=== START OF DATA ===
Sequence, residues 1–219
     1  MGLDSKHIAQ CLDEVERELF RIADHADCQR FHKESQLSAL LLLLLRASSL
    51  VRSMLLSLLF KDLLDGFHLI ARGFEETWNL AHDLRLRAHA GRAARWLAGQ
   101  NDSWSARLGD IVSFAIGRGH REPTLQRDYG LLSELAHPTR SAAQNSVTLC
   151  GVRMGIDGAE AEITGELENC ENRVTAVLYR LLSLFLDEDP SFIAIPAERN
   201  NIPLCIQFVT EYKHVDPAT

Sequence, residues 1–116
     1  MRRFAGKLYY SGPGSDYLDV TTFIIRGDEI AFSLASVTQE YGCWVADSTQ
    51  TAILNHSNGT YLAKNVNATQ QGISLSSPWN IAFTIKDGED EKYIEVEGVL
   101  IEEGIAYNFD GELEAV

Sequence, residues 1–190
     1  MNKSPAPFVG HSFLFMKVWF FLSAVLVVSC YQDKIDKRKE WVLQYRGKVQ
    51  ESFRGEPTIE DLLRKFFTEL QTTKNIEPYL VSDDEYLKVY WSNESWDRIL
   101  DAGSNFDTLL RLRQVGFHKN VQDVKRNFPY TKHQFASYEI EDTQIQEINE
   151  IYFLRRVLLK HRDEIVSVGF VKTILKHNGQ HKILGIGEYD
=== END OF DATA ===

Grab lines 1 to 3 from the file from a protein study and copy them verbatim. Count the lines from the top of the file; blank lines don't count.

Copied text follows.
Sequence, residues 1–219
     1  MGLDSKHIAQ CLDEVERELF RIADHADCQR FHKESQLSAL LLLLLRASSL
    51  VRSMLLSLLF KDLLDGFHLI ARGFEETWNL AHDLRLRAHA GRAARWLAGQ